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Future Events

February, 2022

Tuesday
1
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Julie N. Hook, PhD, MBA, ABPP, Research Associate Professor and the NIH Toolbox® Product Manager at Northwestern University.

Digitally administered cognitive tests are increasing in popularity. They can reduce examiner burden and enhance participant engagement because they are typically more colorful and engaging than their paper-and-pencil counterparts. This webinar will present an overview of the rise of digital cognitive assessments and describe specific test construction techniques that allow for brief and psychometrically sound tests (e.g., Computer Adaptive Testing and Item Response Theory). We will briefly review the history and development of the NIH Toolbox, followed by a more in-depth discussion of the four domains (Cognition, Motor, Sensation, and Emotion) of tests included in the NIH Toolbox app. As technology is always advancing, we will conclude with a look into the future directions of NIH Toolbox family of products, including an upcoming release of an infant assessment system incorporating eye-tracking.

Julie N. Hook, PhD, MBA, ABPP is a Research Associate Professor and the NIH Toolbox® Product Manager at Northwestern University. She is also board-certified clinical neuropsychologist. Dr. Hook began her career as a clinician, researcher, and educator and has worked in the commercial sector for 10 years. She has been a project manager developing large-scale psychological tests at Psychological Assessment Resources (PAR; Tampa, FL) and led projects focused on combining technology to improve healthcare assessment at Design Interactive (Orlando, FL). In her current role, she contributes to NIH grant-funded research, including work on the Environmental Children’s Health Outcome Study and oversees the NIH Toolbox product portfolio including updates, translations, training, and support materials.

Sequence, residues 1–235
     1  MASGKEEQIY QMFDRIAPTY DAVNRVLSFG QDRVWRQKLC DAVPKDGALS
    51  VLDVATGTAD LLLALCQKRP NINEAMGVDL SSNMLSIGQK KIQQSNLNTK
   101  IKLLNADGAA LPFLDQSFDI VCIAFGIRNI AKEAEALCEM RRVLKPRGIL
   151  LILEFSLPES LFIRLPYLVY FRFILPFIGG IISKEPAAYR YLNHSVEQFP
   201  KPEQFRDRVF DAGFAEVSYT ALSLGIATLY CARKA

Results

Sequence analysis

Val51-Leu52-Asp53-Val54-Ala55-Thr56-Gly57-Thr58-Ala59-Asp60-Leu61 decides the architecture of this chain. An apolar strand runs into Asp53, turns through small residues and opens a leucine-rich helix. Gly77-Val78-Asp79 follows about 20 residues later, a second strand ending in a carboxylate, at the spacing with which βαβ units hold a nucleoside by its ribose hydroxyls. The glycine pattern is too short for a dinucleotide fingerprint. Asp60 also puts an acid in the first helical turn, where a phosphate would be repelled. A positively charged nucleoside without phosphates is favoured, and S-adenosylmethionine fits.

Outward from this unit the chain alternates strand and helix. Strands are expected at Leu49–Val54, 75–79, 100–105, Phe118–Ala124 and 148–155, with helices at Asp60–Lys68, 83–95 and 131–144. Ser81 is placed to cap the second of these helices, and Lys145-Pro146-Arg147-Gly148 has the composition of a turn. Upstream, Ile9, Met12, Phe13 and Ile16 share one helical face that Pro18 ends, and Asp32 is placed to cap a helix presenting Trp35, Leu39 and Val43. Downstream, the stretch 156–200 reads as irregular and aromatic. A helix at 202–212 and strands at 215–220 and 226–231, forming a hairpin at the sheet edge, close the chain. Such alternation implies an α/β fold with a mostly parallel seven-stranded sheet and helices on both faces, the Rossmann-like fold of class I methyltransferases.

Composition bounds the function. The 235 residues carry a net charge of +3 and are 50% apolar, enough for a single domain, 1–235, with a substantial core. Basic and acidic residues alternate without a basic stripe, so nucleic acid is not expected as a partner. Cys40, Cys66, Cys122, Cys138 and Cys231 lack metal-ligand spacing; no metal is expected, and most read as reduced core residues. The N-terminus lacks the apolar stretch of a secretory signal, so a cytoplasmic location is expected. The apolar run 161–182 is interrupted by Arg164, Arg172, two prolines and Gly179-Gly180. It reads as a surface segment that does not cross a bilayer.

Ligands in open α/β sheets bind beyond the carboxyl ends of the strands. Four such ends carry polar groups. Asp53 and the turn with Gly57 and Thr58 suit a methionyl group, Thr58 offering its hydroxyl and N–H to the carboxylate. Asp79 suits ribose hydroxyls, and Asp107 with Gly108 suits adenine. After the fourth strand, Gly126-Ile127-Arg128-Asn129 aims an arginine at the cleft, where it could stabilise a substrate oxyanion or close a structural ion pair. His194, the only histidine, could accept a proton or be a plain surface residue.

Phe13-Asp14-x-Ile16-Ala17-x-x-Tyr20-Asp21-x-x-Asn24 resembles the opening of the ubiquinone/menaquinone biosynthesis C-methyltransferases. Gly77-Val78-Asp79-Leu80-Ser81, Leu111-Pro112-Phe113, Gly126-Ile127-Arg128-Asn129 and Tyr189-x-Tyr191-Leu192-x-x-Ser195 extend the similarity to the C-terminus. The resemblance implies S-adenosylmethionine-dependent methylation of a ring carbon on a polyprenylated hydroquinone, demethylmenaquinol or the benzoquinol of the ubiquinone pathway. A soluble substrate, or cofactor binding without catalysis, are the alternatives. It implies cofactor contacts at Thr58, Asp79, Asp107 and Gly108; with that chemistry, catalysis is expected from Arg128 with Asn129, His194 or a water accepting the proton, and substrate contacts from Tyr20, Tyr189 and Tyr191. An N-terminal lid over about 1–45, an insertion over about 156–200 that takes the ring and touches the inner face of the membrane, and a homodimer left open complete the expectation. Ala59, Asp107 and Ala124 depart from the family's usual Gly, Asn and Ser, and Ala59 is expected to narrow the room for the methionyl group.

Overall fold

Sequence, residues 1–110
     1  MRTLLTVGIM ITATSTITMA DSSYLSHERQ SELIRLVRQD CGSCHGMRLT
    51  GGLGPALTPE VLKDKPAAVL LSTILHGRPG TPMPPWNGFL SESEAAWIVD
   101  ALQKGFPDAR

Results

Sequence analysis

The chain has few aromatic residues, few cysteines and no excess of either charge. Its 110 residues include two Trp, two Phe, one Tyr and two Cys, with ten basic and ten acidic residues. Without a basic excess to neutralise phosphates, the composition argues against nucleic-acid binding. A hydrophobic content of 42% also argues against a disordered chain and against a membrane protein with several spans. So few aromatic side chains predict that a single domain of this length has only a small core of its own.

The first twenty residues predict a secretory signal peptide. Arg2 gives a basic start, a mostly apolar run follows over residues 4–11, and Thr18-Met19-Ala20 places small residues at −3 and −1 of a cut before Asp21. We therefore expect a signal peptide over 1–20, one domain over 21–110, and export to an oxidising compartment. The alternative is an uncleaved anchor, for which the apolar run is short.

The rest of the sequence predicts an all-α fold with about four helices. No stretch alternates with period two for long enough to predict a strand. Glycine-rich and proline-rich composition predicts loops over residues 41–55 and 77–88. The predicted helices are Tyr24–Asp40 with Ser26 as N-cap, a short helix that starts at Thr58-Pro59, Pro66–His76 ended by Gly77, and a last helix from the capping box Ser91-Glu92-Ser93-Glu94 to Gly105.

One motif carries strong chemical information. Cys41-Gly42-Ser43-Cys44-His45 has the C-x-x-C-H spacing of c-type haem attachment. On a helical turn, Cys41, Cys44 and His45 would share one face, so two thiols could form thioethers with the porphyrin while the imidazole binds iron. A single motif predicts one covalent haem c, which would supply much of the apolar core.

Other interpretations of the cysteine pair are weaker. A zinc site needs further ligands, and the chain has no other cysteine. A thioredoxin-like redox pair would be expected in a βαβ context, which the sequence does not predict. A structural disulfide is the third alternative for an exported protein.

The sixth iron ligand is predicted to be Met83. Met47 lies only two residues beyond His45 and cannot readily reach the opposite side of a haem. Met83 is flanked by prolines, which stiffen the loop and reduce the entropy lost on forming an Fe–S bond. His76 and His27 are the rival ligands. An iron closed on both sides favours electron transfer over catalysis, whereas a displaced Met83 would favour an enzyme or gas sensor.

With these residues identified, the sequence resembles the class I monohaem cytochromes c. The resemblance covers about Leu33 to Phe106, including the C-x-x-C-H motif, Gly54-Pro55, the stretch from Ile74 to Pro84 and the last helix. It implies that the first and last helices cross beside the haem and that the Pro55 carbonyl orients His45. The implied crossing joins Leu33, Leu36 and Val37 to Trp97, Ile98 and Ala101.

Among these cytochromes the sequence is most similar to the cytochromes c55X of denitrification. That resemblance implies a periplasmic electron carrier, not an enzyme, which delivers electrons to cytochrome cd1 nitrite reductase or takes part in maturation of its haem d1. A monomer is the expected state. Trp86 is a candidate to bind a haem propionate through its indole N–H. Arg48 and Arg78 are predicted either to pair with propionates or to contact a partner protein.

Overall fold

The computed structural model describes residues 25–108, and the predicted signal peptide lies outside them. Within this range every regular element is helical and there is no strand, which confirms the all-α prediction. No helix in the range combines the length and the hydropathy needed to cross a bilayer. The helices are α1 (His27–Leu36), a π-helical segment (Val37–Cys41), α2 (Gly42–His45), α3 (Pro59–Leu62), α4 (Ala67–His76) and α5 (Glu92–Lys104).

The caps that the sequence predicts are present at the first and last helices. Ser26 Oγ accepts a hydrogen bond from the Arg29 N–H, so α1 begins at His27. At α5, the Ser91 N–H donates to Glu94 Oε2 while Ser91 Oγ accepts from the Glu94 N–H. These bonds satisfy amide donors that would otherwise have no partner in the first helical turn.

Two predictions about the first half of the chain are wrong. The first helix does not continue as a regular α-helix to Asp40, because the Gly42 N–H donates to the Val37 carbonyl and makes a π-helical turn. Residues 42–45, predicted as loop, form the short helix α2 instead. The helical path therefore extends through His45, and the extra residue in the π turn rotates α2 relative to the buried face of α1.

1.5 CE credits will be available to those eligible for this talk.

March, 2022

Tuesday
8
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1.5 CEs available.

Description:
Neuroimaging has remarkably increased our understanding of neuropsychological functions and has the potential to substantially inform the clinical practice of neuropsychological assessment. This talk will provide an introduction to the different types of structural and functional information that can be gained with modern MRI techniques, and how they may help in understanding the nature of observed neuropsychological deficits and the prediction of clinical outcomes.

Learning Objectives:
Attendees will be able to:
• Describe the different types of common MRI sequences used to assess damage and dysfunction to grey and white matter structures.

• Describe how MRI studies of functional activations, functional connectivity and regional cerebral blood flow inform our understanding of neuropsychological deficits.

• Explain how structural and functional imaging can inform the prediction of neuropsychological outcomes.

Brief Bio:
David H. Zald, Ph.D. is the Director of the Center for Advanced Human Brain Imaging Research at Rutgers University and the Henry Rutgers Professor of Psychiatry at the Robert Wood Johnson Medical School. Dr. Zald combines a background in clinical neuropsychology with over a quarter of century of research using neuroimaging to understand the functions of limbic and paralimbic regions and the manner in which dysfunction of these regions contributes to psychopathology. While on faculty at Vanderbilt University, he taught graduate courses in neuropsychological assessment, and served as director of the undergraduate neuroscience major and associate director of the Vanderbilt Brain Institute. He has published over 160 peer reviewed papers, served as a section editor of the journal Neuropsychologia, and is a fellow of both the Association for Psychological Science and the American Association for the Advancement of Science.

7-8:30 PM EST